Certainly no less special than the 14,433-foot high mound that sure had its share of visitors today.

Elbert will never be lonely

French was up next and I surveyed the ridge route to it.

Ridge route to French Mountain

The descent to the saddle was straightforward and I followed a faint trail over the easiest terrain of the day, spotting a grouse hen and its chick en route. This has been the season for grouse...

Mother and child

Atop the third and highest summit of the day, I surveyed the day's work and enjoyed the views.

The day's work

I've got to do that traverse!

When it was time to leave, I momentarily toyed with the idea of descending directly from French down its steep southeast ridge.

Yowza! That slope just plummets!

It did not look that inviting and for once, I was not up for the route finding that would undoubtedly be required in the event that I hit cliffs at the bottom. Two Centennials and one significant benchmark, and I had earned the right to hit cruise mode. I retraced my path down to the saddle and looked at the gentle slopes and the luscious green valley below and aimed directly for the mine.

Ah, that's more like it!

The terrain was easy and I couldn't wait to hit the road so I could make a run for it and beat the impending storm. For some reason, when I got to the mine, I wasn't so keen on leaving at all. So I lingered around in the valley soaking in the views around me and contemplating whether I could haul in enough lumber to finish building this cabin so I could live in this idyllic setting.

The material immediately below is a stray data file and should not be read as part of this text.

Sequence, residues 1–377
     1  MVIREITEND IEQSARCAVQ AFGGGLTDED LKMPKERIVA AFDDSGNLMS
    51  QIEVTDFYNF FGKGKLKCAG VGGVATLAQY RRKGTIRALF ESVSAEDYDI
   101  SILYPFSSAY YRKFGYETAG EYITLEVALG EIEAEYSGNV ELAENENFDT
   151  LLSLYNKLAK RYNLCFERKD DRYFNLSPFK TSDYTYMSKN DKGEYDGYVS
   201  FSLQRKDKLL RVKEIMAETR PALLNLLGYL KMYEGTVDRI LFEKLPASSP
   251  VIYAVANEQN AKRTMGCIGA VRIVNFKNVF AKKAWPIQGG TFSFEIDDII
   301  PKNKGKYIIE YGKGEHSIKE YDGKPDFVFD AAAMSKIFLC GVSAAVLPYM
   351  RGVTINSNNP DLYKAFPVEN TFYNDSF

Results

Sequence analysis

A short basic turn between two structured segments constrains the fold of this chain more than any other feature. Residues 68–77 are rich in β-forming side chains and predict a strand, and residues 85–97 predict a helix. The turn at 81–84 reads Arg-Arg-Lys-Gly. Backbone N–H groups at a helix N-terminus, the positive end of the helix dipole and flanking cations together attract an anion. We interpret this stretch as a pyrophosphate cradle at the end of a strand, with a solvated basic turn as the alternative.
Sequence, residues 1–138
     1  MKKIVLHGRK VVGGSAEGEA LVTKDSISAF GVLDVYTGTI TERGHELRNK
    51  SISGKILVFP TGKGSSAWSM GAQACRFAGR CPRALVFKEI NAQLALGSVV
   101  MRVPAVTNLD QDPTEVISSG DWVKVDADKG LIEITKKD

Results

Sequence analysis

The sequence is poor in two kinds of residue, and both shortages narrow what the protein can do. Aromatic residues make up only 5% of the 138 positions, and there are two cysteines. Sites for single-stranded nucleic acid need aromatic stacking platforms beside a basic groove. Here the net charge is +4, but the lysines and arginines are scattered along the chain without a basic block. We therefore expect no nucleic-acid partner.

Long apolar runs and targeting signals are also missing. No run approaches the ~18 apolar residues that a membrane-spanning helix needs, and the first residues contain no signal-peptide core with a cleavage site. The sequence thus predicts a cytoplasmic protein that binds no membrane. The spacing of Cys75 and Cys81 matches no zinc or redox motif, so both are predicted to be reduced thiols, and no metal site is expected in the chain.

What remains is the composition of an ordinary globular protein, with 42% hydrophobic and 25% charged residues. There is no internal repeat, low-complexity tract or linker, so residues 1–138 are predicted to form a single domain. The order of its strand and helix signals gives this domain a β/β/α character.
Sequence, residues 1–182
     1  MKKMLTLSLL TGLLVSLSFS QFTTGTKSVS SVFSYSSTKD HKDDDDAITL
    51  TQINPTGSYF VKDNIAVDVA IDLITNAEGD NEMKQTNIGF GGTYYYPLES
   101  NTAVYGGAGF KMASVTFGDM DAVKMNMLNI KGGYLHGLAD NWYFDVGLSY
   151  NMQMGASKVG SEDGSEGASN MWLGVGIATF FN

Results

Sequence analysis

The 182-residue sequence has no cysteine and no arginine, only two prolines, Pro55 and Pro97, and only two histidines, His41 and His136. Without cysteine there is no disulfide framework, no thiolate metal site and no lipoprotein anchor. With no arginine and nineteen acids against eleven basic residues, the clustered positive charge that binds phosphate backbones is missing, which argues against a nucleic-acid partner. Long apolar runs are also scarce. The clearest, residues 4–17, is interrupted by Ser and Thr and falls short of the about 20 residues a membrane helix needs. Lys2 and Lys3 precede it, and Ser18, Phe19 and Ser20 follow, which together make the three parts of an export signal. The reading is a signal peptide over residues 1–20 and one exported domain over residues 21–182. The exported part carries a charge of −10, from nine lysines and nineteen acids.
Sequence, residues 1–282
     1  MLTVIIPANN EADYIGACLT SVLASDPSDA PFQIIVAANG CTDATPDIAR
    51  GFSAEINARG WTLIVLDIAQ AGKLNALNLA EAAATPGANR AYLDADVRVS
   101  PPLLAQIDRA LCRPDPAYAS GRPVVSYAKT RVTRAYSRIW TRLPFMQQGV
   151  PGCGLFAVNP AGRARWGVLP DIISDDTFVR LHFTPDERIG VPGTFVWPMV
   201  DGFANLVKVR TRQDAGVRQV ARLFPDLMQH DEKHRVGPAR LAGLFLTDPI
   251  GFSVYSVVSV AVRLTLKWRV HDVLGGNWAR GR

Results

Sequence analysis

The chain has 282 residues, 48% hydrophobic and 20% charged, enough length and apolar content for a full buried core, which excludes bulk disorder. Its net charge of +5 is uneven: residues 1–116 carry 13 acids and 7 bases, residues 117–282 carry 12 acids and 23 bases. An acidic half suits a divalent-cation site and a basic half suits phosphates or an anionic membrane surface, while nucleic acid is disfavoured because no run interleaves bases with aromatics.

I could live here

I'm haunted by mountains...

Au Revoir!

My GPS Tracks on Google Maps (made from a .GPX file upload):

Thumbnails for uploaded photos (click to open slideshow):
1 2 3 4 5 6 7 8 9 10 11 12 13 14 15 16 17 18 19 20 21 22 23 24 25 26 27 28 29 30 31 32 33 34 35 36 37 38 39 40

Comments or Questions
A nice loop!
08/01/2016 10:45
Your very well written report brings back fond memories. The water level did seem a bit lower in Image 3 than when I was there last year, tho. I seem to recall a "one, two, oops, get wet, three" crossing. Again, a very nice report, Raj!

Brian Thomas
what Jay said
08/02/2016 08:20
And keep these loop TR's coming please!

Love the report
08/03/2016 14:03
I'm planning on going after these peaks next summer. I will refer to this report before I go on that trip. Great job!